“That’s not handicapped accessible either because you’re asking people to come further out of their way to vote,” Aument-Loughrey said. “You’re disenfranchising them from getting to the places to vote, and not everybody down here drives.”
Over at the Harrowgate PAL, which serves the 33rd Ward’s 15th, 19th, 21st, and 22nd divisions, voters arrived by car and foot. Some teens played with a soccer ball outside in the courtyard as residents marched into the polls.
Israel DeLeon, a committee person for the 33rd Ward’s 22nd division, said that while no significant issues arose at the polling place, there wasn’t a large influx of voters either.
“It’s been a slow turnout, but we usually get swamped with voters after four o’clock,” DeLeon said.
DeLeon was confident they’d see more voters.
“They’ll come out,” he said.
A voter since he came of age, DeLeon said he never missed an election and now uses his role as a committee person to keep his community engaged, starting at home.
“My son’s standing here with me, and he came out today. My daughter’s working inside.” DeLeon said. “I told my kids, you have to start somewhere. You have to press that button. You have to come in. You have to vote for changes.”
As a committeeperson, individuals like DeLeon work in tandem with their ward leader. Voters in each division and ward elect a committee person representing their party. Once a committee is established, all committee people come together to elect leaders for their respective wards. Some responsibilities for committee people include getting residents registered to vote and staffing elections.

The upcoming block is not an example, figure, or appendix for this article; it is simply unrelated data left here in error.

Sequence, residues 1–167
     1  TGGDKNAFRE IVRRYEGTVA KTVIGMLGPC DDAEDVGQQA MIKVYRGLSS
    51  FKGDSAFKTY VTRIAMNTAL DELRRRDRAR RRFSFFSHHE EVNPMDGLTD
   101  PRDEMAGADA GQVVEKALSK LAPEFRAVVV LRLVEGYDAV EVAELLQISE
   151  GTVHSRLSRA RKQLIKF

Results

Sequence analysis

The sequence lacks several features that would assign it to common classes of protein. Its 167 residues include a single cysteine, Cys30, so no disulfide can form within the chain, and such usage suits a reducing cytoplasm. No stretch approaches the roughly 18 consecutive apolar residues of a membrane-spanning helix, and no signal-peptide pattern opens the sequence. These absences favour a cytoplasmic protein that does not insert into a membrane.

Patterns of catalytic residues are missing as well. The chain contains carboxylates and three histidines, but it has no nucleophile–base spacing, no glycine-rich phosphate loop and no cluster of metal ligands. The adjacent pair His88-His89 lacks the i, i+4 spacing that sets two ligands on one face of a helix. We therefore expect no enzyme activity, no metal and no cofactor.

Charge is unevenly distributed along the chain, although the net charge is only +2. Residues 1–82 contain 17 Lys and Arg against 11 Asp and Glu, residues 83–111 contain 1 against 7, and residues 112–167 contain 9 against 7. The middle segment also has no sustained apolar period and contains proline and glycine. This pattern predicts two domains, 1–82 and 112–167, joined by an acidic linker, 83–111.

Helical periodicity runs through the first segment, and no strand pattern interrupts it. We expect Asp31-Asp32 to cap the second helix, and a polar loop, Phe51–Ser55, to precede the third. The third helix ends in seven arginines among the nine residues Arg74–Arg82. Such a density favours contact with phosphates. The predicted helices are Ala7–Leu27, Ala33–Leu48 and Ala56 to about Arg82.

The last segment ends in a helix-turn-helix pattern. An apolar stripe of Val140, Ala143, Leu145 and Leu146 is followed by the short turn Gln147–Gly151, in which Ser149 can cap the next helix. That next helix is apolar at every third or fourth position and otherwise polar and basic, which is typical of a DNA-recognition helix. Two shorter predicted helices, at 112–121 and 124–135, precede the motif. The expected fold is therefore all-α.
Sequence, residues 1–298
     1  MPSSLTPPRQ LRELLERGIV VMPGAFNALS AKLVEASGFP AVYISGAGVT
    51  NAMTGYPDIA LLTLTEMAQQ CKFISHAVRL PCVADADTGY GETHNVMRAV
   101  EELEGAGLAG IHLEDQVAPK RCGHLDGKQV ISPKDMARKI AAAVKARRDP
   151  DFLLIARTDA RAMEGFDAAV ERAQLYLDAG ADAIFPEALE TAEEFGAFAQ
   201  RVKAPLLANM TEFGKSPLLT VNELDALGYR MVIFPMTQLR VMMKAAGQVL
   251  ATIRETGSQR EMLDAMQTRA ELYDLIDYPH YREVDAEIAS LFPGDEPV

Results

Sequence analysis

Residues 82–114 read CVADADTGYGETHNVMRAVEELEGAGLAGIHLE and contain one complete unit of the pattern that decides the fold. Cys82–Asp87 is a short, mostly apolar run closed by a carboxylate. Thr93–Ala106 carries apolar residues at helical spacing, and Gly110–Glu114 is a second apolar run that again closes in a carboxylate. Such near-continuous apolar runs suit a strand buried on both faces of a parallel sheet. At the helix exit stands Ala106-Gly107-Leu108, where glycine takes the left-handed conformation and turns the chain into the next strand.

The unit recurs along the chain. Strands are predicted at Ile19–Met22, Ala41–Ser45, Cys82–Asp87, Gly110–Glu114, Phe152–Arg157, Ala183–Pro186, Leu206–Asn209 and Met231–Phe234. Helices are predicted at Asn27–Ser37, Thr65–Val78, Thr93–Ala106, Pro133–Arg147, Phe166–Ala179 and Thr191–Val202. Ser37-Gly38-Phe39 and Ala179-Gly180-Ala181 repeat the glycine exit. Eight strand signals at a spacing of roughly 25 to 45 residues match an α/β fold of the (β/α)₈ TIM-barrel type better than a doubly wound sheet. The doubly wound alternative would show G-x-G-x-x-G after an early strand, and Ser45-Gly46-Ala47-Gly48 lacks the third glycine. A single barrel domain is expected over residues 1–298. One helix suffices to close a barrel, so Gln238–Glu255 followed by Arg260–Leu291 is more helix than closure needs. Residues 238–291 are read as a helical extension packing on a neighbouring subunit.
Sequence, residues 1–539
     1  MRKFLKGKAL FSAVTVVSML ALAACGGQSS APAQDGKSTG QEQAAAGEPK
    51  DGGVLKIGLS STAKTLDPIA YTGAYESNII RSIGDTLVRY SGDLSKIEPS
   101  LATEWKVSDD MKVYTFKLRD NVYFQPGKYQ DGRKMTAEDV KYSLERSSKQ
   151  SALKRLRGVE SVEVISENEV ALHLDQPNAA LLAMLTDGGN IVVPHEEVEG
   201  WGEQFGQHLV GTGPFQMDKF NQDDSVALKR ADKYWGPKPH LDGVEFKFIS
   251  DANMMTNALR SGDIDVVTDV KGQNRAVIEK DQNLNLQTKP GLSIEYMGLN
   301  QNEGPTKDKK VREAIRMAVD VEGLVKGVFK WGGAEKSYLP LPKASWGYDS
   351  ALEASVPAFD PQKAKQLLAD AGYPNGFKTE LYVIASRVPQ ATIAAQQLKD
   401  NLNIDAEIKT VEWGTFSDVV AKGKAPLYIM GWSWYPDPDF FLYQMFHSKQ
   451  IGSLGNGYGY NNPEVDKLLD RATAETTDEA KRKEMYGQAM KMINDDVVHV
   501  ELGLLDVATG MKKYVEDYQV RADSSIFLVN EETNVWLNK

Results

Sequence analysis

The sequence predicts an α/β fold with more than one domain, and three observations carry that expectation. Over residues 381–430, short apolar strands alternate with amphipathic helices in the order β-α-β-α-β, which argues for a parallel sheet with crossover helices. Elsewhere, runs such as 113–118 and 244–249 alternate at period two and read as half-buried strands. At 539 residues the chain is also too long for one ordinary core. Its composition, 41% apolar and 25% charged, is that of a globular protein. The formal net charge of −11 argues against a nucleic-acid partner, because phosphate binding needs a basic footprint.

“We need better, better streets. We need better education. We need [a] better understanding of the community,” DeLeon said. “... We’re voting in a new mayor, and part of me working the election is making a change, having a change of the city and getting the community together.”
Over at Mastbaum High School, Cassandra Hargrove greeted voters with a pep to her voice. Hargrove has worked the polls for over 28 years and was also confident that despite the light turnout in the morning, there would be a rush of voters in line after they get off work.
Turnout had been good for elections where presidents and governors were on the ballot. Still, local elections had difficulty getting the same foot traffic, Hargrove said.
“The judges and so forth, a lot of people don’t care, but they don’t know that is important,” said Hargrove. “Because they don’t know, that’s why we have a low turnout. You want someone who helps people, not somebody who’s going to be prejudiced against people sitting in those judges’ seats.”
No matter the results, Hargrove said she hopes the people elected have the city’s best interests at heart.
“I pray that whoever gets in these positions that they all come together to do something about the crime rate,” Hargrove said. “That they all do something together for the city, for our section of the city. And that they come all together and make sure that everybody’s rights are not broken, that everybody keeps their rights.”
This story is a part of Every Voice, Every Vote, a collaborative project managed by The Lenfest Institute for Journalism. Lead support is provided by the William Penn Foundation with additional funding from The Lenfest Institute, Peter and Judy Leone, the John S. and James L. Knight Foundation, Harriet and Larry Weiss, and the Wyncote Foundation, among others. To learn more about the project and view a full list of supporters, visit www.everyvoice-everyvote.org. Editorial content is created independently of the project’s donors.
Story edited by Jillian Bauer-Reese